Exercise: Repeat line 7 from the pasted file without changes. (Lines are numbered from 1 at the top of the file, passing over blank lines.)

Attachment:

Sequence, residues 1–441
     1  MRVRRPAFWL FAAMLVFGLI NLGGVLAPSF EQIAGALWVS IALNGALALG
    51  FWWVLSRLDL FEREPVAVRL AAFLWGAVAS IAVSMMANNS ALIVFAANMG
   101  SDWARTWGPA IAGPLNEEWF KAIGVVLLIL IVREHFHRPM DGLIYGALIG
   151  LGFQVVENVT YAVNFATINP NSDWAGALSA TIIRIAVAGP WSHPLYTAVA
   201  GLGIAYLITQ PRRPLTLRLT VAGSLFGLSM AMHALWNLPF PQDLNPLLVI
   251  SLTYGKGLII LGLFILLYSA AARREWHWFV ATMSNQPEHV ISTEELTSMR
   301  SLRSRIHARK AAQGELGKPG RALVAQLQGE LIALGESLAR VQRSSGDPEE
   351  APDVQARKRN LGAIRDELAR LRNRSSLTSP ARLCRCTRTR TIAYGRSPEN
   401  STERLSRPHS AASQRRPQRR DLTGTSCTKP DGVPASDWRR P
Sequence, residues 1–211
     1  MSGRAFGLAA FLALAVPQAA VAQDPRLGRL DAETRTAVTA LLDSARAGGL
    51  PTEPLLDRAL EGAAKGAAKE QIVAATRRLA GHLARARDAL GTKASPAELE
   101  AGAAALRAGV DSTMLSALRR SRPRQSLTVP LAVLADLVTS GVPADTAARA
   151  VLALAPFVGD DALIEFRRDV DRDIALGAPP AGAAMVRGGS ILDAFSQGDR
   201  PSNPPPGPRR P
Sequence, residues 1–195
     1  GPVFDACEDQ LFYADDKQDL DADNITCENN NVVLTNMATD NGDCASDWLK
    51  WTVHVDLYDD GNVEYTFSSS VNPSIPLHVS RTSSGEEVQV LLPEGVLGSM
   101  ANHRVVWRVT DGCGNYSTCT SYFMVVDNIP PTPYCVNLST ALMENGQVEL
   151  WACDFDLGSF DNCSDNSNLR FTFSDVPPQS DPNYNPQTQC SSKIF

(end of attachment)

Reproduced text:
   251  SLTYGKGLII LGLFILLYSA AARREWHWFV ATMSNQPEHV ISTEELTSMR